I remember making that choice. I was a little younger. When I was about 10 I was sitting in Mass one day and realized that I should probably pay attention to the homily. Normally, when it came time for the homily, I would sit down and say to myself, “Time to let my mind wander!” But then the day came when I realized that I was supposed to listen to the priest. I think it wasn’t until a couple of years later that I started to pray on my own, and do spiritual reading on my own. But I do know that it was my choice.

It is a choice I still have to make every day.

I often fail in that choice.

Part of being an adult is learning where God fits into your life, and then acting on the decisions you make. If you want God in your life, then he has to permeate every single aspect of your life, excluding nothing. He will come into your daily chores and your relationships with friends, family, teachers, enemies, and strangers. He will come into your Walmart shopping trips and your Tim Hortons coffee breaks. He will come into your hobbies and how you care for your pets. He will come into your schoolwork. But you have to let him in on a deep level, so that at every moment of the day you are somehow, somewhere in your soul, aware that your every decision will influence your relationship with him.

When I made that choice to let God in, I began to have a personal relationship with him. It sure is a rocky one, and I spend a lot of time putting space between us, but the personal aspect is definitely there.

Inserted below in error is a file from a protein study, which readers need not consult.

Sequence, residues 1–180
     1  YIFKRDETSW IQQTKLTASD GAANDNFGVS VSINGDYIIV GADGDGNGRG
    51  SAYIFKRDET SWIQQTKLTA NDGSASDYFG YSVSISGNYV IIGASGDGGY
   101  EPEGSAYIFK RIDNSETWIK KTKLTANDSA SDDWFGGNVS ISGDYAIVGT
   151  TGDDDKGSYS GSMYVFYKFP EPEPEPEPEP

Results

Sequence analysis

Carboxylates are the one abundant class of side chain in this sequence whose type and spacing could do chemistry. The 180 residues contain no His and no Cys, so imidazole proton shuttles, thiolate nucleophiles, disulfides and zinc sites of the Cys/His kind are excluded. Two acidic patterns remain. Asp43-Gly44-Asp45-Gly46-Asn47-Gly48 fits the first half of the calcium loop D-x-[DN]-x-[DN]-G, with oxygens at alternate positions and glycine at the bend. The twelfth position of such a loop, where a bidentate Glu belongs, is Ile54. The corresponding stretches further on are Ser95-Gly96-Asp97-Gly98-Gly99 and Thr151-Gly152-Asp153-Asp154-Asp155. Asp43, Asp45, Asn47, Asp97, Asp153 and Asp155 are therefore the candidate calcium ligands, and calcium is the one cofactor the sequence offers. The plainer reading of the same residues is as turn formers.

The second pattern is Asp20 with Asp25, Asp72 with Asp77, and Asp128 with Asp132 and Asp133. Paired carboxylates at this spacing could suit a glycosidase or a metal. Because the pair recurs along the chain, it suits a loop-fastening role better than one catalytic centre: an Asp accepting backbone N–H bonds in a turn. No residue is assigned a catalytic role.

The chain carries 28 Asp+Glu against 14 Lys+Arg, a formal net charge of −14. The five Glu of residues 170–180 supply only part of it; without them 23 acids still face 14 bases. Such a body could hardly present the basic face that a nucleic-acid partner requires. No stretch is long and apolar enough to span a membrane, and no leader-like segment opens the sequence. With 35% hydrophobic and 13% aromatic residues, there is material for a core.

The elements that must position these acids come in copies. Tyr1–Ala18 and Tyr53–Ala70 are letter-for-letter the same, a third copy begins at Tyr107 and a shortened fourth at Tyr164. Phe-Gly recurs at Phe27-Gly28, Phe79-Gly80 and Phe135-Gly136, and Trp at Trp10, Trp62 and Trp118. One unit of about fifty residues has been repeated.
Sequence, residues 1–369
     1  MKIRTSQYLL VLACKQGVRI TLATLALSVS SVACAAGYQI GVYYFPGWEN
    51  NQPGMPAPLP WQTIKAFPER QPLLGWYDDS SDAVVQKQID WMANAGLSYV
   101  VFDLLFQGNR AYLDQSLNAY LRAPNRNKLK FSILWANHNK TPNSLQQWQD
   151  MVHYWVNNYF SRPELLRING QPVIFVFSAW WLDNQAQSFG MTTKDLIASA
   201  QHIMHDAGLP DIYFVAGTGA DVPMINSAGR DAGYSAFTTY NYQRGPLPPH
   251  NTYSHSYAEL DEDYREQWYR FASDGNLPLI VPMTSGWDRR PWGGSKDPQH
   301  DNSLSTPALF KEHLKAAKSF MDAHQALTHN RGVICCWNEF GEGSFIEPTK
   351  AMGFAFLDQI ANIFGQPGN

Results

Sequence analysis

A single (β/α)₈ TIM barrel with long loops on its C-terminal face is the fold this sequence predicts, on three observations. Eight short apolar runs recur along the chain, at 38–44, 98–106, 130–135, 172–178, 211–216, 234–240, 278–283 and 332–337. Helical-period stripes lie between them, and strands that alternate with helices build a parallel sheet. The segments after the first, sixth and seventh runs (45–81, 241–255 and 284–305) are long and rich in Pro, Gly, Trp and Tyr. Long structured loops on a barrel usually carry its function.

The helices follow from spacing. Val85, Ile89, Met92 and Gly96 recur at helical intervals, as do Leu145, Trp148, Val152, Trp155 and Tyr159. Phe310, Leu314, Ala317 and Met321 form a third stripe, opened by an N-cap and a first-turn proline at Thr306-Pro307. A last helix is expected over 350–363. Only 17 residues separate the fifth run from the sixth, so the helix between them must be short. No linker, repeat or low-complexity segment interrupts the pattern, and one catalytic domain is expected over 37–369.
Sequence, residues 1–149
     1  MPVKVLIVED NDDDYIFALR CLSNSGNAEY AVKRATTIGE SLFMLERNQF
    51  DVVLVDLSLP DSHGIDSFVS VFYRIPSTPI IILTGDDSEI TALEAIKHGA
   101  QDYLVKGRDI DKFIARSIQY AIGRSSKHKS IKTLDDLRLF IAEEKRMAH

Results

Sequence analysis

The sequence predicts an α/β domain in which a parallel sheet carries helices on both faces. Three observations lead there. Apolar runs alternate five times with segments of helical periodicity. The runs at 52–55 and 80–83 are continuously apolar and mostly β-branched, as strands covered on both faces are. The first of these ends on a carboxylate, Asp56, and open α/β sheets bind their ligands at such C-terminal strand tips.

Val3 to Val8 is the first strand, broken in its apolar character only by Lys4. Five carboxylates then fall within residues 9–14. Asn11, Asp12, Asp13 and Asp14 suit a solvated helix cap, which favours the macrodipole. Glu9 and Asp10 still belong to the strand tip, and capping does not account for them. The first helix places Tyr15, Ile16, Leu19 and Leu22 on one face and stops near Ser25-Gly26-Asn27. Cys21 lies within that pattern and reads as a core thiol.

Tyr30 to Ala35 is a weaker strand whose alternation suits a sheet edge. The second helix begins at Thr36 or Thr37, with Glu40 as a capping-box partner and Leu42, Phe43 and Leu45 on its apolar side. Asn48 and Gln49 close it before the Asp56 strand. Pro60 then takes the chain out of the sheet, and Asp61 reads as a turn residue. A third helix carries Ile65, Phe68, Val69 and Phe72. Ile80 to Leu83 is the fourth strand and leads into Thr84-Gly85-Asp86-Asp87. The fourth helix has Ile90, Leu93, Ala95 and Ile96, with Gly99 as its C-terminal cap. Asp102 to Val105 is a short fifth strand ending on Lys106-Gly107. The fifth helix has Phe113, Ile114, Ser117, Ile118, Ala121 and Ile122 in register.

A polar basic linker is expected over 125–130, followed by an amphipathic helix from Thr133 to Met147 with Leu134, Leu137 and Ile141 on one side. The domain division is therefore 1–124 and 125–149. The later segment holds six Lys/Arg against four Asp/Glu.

How does all this play into being an adult?

When we let God into all our choices (without becoming scrupulous—trust me, I’ve been there and it is not a fun place to be), we allow him to influence the outcome. Acting on our faith in God should help us to become more mature, responsible people.

With the current issues of the LGBTQ community and “gender identity”, our response to the world has to be the claiming of our identity in God, as men and woman, male and female. We have to lay claim to our sexuality, and take pride in how God has created us. We must be masculine men and feminine women. This is how we will witness to the world. We know we are men and women. We don’t have to choose our identity. The only choice in question here is the choice to own our sexuality as a gift, and to treat it as such.

 

Men and women of God–you are God’s chosen.

 

“This then, is what I pray, kneeling before the Father, from whom every family, whether spiritual or natural, takes its name:

“Out of his infinite glory, may he give you the power through his Spirit for your hidden self to grow strong, so that Christ may live in your hearts through faith, and then, planted in love and built on love, you will with all the saints have strength to grasp the breadth and the length, the height and the depth; until, knowing the love of Christ, which is beyond all knowledge, you are filled with the utter fullness of God.

“Glory be to him whose power, working in us, can do infinitely more than we can ask or imagine; glory be to him from generation to generation in the Church and in Christ Jesus for ever and ever. Amen.” 

                                – Ephesians 3: 14-21

This is Part One of a four-part blog series. Watch for the next three parts: “Real Manly Men”; “Be Gentle, Be Strong, Be Beautiful”; and “Don’t Let Your Age Define You”.